It does not take long for youth to realize that Instagram is not their only link. Their conversations cross borders as they and their teachers discover online resources from across the globe. Gen Z, and their younger brethren Gen Alpha, mimic Millennials and begin to band together, collaborating online in unprecedented numbers. As they find each other, they discover, perhaps quite abruptly, that they share a common world, with common threats from viruses, climate change, a common distrust of leaders, and lack of innovation in institutions and communities — all at once. A formidable bloc of under-30 citizens, including teachers, endorses rebellion. From that point, it’s a short distance to critically questioning — and finally disposing of — a system of learning devised by adults for a faded world.
If adults do it right and don’t spend all their energy trying to drag youth back into the fold, Phase Three unveils itself — and it could be a good one. The old ‘hand it in, hand it back’ culture is dead. What replaces it? That will the choice.
The best choice is let learning flow in its natural direction toward the problems of the day. In this phase, students hit their stride but so do educators. A new version of ‘school’ emerges that supports the global tribe digitally and face to face. Teachers truly move into the role of facilitators. Education becomes a co-creative act rooted in project-based work (PBL) and design thinking. But it’s not the brick and mortar version of PBL used with varying levels of success now. It’s a powerful, field-tested model refined for online work that replicates the human-centered design process by which the world moves forward. It focuses on authentic problems, commits participants to innovation, blends core knowledge with skillfulness, and values openness, inquiry, and deep collaboration.
Now, we’re wide awake. Adults worry, for good reason, that successive
breakdown and crisis have tested the inner life of children as never before. Back in the day, brick and mortar wall posters advocating virtuous behavior
sufficed. But the world revolves on a new axis. Helping young people learn to contribute, find satisfaction in helping fellow humans thrive, and supporting their ability to stand up to adversity — the realms of resilience and moral courage — are paramount outcomes and must be built into learning.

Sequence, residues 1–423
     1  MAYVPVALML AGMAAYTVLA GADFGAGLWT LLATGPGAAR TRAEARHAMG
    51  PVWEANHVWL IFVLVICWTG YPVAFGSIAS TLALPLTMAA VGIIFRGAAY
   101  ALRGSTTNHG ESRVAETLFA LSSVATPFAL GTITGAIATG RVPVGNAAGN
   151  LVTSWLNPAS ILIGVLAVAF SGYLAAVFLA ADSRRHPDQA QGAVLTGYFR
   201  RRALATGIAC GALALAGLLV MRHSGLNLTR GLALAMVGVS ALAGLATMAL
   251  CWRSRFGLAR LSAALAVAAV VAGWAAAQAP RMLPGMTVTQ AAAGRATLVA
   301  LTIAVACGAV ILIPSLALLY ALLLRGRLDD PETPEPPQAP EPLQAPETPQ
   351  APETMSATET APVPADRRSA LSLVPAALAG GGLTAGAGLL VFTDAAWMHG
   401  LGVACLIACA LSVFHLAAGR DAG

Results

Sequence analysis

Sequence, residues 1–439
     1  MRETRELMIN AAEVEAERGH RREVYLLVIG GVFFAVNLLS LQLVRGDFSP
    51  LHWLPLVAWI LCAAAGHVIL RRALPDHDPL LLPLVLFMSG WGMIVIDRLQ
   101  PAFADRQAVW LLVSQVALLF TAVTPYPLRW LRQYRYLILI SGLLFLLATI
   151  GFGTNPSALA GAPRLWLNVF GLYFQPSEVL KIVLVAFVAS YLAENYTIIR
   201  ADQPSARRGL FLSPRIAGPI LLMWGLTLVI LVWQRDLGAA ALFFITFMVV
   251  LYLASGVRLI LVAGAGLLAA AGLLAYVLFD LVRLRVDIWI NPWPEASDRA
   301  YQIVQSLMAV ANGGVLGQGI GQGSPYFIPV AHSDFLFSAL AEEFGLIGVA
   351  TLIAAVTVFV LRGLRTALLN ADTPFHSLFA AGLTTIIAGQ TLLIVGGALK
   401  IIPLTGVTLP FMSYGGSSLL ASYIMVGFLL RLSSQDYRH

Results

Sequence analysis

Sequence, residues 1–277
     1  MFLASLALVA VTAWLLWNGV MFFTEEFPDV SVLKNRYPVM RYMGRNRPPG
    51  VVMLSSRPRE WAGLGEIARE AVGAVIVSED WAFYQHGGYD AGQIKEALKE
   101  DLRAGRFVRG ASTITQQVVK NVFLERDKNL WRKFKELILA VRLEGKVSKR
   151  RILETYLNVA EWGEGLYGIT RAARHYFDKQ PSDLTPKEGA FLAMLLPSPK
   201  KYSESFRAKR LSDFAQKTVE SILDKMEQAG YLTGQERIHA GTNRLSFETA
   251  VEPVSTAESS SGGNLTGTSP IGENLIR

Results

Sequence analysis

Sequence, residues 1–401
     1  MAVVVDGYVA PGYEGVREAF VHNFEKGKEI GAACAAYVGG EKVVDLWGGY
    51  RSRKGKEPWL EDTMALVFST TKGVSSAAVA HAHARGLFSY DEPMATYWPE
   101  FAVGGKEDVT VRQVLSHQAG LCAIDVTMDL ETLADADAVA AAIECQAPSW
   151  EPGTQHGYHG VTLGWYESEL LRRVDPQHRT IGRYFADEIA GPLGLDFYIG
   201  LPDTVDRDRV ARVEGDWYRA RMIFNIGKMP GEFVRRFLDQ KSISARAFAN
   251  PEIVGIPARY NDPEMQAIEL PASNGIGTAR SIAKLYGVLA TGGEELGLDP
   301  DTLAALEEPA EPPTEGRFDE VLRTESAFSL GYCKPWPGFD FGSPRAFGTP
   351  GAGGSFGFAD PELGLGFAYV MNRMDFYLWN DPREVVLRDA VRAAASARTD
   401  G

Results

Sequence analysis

That’s when we discover a Holy Grail: Education shifts to people development and refocuses on character and human strengths. Again, project based work turns out to be the perfect tool. As youth partner with a caring, knowledgeable mentor, project based work informed by strengths-based psychology proves to duplicate the conditions under which humans grow up to be healthy adults. The co-creative partnership between mentor and student fuels challenge, purpose, autonomy, and mastery — the exact elements cited by youth experts as best indicators for life success.
Of course, if all the dissolution and disruption of the present phase is to yield real results, one more phase must occur: Crowd sourcing collective solutions that yield a livable, positive future. That’s why unleashing the creative energies of the 1.3 billion youth worldwide who are waiting for a redesigned world is critical. Transformation will take us there, if allowed.
This blog was originally published on PBL Global
Considered one of the founding fathers of Project Based Learning, Thom Markham is an educator by trade, a positive psychologist by training, and a global entrepreneur dedicated to expanding educator mindsets in service to a positive future. In 2015, Thom founded PBL Global, a world-wide partner-based organization offering online courses and onsite professional learning for a transformative strengths-focused model of project based learning that integrates high quality project design, student centered growth, and social emotional wellbeing. Thom has worked with over 400 schools and 6000 teachers in 20 countries.